Wednesday, October 28, 2009

Say cheese!

Sometimes, it's the things you are most resistant to that end up being your absolute favorites. I call this the "Green Eggs and Ham" principle. (In an unrelated note, if you like Dr. Seuss classics reinterpreted in hilarious ways...with here. It's worth it.)

I sampled my first cheese Danish when I was 12, under duress.

I had no interest in trying what was explained to me as a doughnut filled with cheese. (The small picture of a wedge of Swiss on the side of the bakery box didn’t help my somewhat vivid imagination.) I'm not sure why anyone would think this was the way to go. It's kind of like offering a cupcake with gravy.

But try it I did. And there was no going back. My refrigerator is never without cream cheese. I use it in everything. You'll see it make more than one appearance in this blog. In fact, I think it's already shown up a few times. I have trouble getting enough protein in my diet, and cream cheese offers me a delicious way to up the number of grams I get in a day. If you have a seriously picky eater, adding some cream cheese to his mashed potatoes or Kraft macaroni could give you a little piece of mind about rounding out his diet.

Something sweet is usually a much easier sell than something savory, however. And as a breakfast food, a good cheese danish is hard to beat. It's got dairy, protein, carbs, a solid foundation for a morning of work or school, especially if paired with a glass of juice.

If you are meeting, or think you might meet, similar resistance when you serve this delicious concoction, feel free to call it what my nephew does: white frosting pizza. I don’t intend to correct him for at least five years.

1 pizza crust
1 T. butter
8 oz. cream cheese, softened
½ c. sugar
1 T. vanilla
1 egg
2 T. butter
2 T. brown sugar
¼ c. flour
½ c. powdered sugar
1 t. vanilla
1 t. milk

Preheat oven to 350 degrees. Place pizza crust on baking sheet. Spread with butter. Bake 10 minutes. Remove and set aside.

Combine cream cheese, sugar, vanilla and egg. Spread over crust. In another bowl, combine butter, brown sugar and flour. Sprinkle over cheese mixture. Bake 10-15 minutes, until crust begins to brown, but the cheese is just beginning to set. Remove and cool. The cheese will set up more.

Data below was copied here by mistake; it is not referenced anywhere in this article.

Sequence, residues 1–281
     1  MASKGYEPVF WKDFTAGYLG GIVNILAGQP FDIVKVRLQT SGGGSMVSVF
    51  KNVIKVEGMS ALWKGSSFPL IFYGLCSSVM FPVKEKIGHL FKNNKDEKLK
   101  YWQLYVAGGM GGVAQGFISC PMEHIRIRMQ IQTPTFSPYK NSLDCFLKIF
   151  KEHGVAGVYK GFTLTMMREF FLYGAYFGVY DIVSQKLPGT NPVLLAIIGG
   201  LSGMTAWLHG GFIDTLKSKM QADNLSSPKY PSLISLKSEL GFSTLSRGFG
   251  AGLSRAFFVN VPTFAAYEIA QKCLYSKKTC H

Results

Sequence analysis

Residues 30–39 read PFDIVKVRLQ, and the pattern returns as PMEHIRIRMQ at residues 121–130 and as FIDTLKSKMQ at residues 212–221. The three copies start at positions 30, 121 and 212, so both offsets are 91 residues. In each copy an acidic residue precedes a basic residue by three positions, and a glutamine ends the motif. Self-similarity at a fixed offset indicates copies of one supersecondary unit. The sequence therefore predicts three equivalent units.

Combine powdered sugar, vanilla and milk. Drizzle over cooled pizza. Slice and serve.


Jeweled Danish – Spread 1 c. blueberry or cherry pie filling over c cheese layer before sprinkling with streusel. Bake 15 minutes.

Lemon Cream Danish – Omit streusel. After baking the cream cheese layer, spread with ½ c. lemon curd. Sprinkle with flaked almonds. Replace vanilla in icing with lemon juice.

Extra Extra!!

Where in the world does Danish pastry come from? – Actually, it’s Austria. If you walk into a bakery in Denmark and ask for a Danish, you’ll get some funny looks. Ask for some “bread of Vienna” though, and they’ll know just what you want. Why? According to, the answer lies in a kitchen workers’ strike in 1880, when bakers walked off the job and were replaced by Viennese masters whose pastries were ultimately lighter and flakier than their Danish colleagues’ treats. When the bakers came back to work, customers were clamoring for the Viennese delicacies and savvy chefs had to learn to make them the same way. Those wily Danes weren’t melancholy for long. They got the last laugh since no one ever orders a cheese Austrian with their morning coffee.

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